[Numpy-discussion] numpy migration
Timothy Hochberg
tim.hochberg@ieee....
Wed Apr 25 12:41:19 CDT 2007
On 4/24/07, Duncan Smith <buzzard@contactbox.co.uk> wrote:
>
>
>
> Timothy Hochberg wrote:
[SNIP]
>
> >
> > You should be getting a warning here. Did one disappear in the cut and
> > paste? Or are you using a nonstandard shell that eats warnings? Or an
> old
> > version of numpy?
> >
>
> Python 2.5.1 / numpy 1.0.1 / IDLE (under Windows 2000). No warning.
I don't use Idle, but I expect that it is just eating everything that goes
to stderr. It'd be easy enough to check with something like:
>>> import sys
>>> print>>sys.stderr, "Does this get printed?"
Does this get printed?
If this doesn't print anything, then that explains why you aren't seeing a
warning.
> In any event if you want an error rather than a warning for zero division,
>
> > use:
> >
> >>>> 1/i
> >
> > Warning: divide by zero encountered in long_scalars
> > 0
> > SyntaxError: invalid syntax
> >
> >>>> N.seterr(divide='raise')
> >
> > {'over': 'print', 'divide': 'print', 'invalid': 'print', 'under':
> 'ignore'}
> >
> >>>> 1/i
> >
> > Traceback (most recent call last):
> > File "<stdin>", line 1, in <module>
> > FloatingPointError: divide by zero encountered in long_scalars
> >
> > Although I'm not sure why that's a floating point error.
> >
>
> True, bug or feature?, I'm really looking for a ZeroDivisionError.
I'm guessing that setting this to raise just blindly converts all of the
warnings to FloatingPointErrors. I imagine if someone with some spare cycles
submitted a patch to be more specific it would be accepted. I don't have
time to dive into that right now though.
You can hack around this for the time being by using seterr(divide='call')
and installing an appropriate handler (see code below).
[snip]
>
> > ----------------------------------------------
> >
> >>
> >> An additional problem involves classes that have e.g. __rmul__ methods
> >> defined and are sufficiently similar to numpy arrays that my classes'
> >> __rmul__ methods are not invoked when using numpy scalars.
> >
> >
> >
> >
> > Try adding "__array_priority__ = 10" or somesuch to your classes. This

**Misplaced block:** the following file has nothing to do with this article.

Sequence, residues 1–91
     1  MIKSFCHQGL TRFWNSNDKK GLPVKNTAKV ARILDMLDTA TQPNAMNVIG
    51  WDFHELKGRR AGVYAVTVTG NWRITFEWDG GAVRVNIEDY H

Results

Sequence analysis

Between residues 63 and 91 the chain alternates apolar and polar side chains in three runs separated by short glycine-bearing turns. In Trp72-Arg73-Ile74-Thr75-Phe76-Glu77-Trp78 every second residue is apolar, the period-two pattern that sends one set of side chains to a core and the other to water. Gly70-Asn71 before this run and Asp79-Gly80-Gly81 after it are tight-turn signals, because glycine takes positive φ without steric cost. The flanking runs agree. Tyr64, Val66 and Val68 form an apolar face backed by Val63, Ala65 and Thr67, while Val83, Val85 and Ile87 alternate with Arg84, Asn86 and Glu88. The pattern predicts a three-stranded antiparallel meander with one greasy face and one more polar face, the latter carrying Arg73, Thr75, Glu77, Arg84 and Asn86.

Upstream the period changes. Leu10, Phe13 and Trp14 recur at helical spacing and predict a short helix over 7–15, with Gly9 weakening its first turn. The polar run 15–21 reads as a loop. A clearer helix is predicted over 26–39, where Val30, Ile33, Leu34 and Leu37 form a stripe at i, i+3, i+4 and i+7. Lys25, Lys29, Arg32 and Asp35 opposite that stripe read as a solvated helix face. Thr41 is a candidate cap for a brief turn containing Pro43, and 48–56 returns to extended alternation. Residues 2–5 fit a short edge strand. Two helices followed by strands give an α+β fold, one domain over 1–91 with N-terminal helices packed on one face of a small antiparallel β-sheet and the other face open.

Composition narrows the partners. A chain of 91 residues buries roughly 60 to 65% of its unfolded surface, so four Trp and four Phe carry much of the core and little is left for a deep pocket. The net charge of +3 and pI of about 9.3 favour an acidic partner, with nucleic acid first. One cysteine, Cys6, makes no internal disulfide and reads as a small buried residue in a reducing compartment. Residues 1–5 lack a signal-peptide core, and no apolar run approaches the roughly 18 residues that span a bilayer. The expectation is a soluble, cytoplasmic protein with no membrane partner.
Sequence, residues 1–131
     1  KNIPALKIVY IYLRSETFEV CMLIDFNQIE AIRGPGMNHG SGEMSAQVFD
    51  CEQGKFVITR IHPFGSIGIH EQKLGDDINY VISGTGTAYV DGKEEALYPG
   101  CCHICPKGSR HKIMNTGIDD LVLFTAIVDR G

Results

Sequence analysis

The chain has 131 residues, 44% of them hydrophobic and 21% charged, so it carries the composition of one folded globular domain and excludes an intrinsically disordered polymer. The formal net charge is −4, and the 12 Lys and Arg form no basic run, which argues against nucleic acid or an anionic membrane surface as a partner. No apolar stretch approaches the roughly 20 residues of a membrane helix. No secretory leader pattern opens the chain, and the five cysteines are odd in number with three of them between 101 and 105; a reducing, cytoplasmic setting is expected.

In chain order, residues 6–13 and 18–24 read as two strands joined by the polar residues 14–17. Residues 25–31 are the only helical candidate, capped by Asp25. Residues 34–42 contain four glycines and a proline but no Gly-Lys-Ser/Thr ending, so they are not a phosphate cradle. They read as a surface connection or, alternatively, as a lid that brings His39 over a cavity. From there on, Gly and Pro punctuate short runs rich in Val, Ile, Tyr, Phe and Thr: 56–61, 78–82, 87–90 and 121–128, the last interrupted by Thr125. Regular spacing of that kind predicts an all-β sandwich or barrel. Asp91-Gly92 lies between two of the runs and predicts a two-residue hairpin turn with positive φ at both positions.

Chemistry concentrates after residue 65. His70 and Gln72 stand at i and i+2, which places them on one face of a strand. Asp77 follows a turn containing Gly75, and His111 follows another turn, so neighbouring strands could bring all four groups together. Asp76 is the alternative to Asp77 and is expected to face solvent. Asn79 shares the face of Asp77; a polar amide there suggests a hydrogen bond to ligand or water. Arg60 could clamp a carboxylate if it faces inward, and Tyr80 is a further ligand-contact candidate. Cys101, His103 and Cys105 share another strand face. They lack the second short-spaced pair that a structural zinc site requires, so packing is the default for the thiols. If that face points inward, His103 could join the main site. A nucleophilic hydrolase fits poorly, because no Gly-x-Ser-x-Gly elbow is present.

> > should tell numpy to back off and let your methods go first when doing
> > mixed
> > operations. Searching for "__array_priority__" will probably turn up
> some
> > examples.
> >
>
> Yes, it did. But for my classes it seems to have no effect. Below is a
> fairly minimal example.
As it turns out, you need __array_wrap__ also (or maybe just __array_wrap__,
but __array_priority__ won't hurt). Try this:
"""
>>> import numpy as N
>>> ex = MyClass(N.array([[6,7],[8,9]]), ['axis0', 'axis1'])
>>> v = ex.arr[0]
>>> v * ex
[[36, 49],
[48, 63]]['axis0', 'axis1']
>>> i = ex.arr[0,0]
>>> ex
[[6, 7],
[8, 9]]['axis0', 'axis1']
>>> ex * i
[[36, 42],
[48, 54]]['axis0', 'axis1']
>>> i * ex
[[36, 42],
[48, 54]]['axis0', 'axis1']
>>> ex // 0
Traceback (most recent call last):
...
ZeroDivisionError: integer division or modulo by zero
"""
from __future__ import division
import numpy
def handler(message, _):
if message == 'divide by zero':
raise ZeroDivisionError('integer division or modulo by zero')
raise FloatingPointError(message)
numpy.seterrcall(handler)
numpy.seterr(divide='call')
class MyClass(object):
__array_priority__ = 10
def __init__(self, arr, labels):
self.arr = arr
self.labels = labels
def __repr__(self):
return numpy.array2string(self.arr, separator=', ') + repr(
self.labels)
def __len__(self):
return len(self.labels)
def __getitem__(self, key):
return self.arr[key]
def __setitem__(self, key, item):
self.arr[key] = item
def __array_wrap__(self, arr, context=None):
return self.__class__(arr, self.labels)
def __mul__(self, other):
return self.__class__(self.arr * other, self.labels)
__rmul__ = __mul__
def __floordiv__(self, other):
return self.__class__(self.arr // other, self.labels)
def __rfloordiv__(self, other):
return self.__class__(other // self.arr, self.labels)
if __name__ == "__main__":
import doctest, scratch
doctest.testmod(scratch)
--
//=][=\\
tim.hochberg@ieee.org
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